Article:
Consider how limited is our understanding and vision of the world we live in. All our decisions about the world are based on the evidence of our senses and our accumulated experience. Yet our senses are incredibly limited. Consider some hypothetical senses we might have which are based firmly on reality — indeed, might be conceivably be given us by technology — and which might unalterably change our understanding of the world:
- being able to see in infra-red
- seeing events faster or slower than we do
- seeing the earth’s magnetic field
- seeing the electrical fields surrounding living organisms
- seeing other parts of the electromagnetic spectrum, such as radio waves generated by sun, stars and earth.
- feeling physical pain whenever someone we have met dies
- seeing the flow of money from market to market across the world
- hearing the cumulative levels of laughter/shouting/talking/crying in a million homes
- hearing sounds representing the pace at which people are dying violently or being born across the world/fossil fuels are being burned or replenished/animals are dying in slaughterhouses or being killed or being born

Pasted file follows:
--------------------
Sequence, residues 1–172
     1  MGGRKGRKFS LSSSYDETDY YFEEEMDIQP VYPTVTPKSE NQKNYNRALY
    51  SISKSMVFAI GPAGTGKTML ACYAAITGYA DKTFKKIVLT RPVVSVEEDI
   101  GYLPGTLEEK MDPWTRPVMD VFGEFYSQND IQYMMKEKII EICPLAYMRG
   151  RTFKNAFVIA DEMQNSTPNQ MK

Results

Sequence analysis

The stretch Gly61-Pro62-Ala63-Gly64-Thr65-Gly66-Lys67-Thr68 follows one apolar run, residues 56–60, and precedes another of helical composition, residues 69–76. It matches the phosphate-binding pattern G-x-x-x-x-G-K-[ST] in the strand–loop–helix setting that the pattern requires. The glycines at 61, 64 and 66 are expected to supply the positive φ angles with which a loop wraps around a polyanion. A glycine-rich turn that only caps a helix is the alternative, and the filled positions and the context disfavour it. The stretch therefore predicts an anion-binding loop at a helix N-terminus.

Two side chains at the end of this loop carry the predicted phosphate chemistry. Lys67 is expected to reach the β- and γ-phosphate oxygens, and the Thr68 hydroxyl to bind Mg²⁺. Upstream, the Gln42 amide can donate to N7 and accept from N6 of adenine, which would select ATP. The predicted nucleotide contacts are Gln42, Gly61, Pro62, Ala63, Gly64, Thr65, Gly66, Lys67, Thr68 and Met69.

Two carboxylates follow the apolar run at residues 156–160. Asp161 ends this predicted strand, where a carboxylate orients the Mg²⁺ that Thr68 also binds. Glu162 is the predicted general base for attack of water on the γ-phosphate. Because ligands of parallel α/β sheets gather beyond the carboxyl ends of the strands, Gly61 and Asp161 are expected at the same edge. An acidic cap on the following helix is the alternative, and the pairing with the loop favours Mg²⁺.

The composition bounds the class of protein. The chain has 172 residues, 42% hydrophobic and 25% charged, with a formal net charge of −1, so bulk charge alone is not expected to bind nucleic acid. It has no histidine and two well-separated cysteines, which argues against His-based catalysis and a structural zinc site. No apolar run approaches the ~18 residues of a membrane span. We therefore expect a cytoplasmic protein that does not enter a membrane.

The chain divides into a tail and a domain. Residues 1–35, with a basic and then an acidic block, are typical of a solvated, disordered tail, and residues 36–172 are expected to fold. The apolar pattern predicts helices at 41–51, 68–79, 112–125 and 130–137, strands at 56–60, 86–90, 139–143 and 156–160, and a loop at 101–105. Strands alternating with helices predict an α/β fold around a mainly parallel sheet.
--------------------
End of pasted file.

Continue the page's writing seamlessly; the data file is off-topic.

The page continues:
What do these examples tell us? Something we know intuitively, yet rarely contemplate: that there are a multitude of phenomena happening about us to which our senses are either totally oblivious or of which we can acquire only indirect, sporadic or partial knowledge.
Yet despite knowing that we are so ignorant, we nonetheless constantly and confidently take decisions which affect all the environments these hypothetical senses cover. When we vote one way or another, politically or as consumers, we take actions.
But in assessing our understanding of the world about us, we compare ourselves only to others, and spend little time wondering of what things in the world we may be all too ignorant.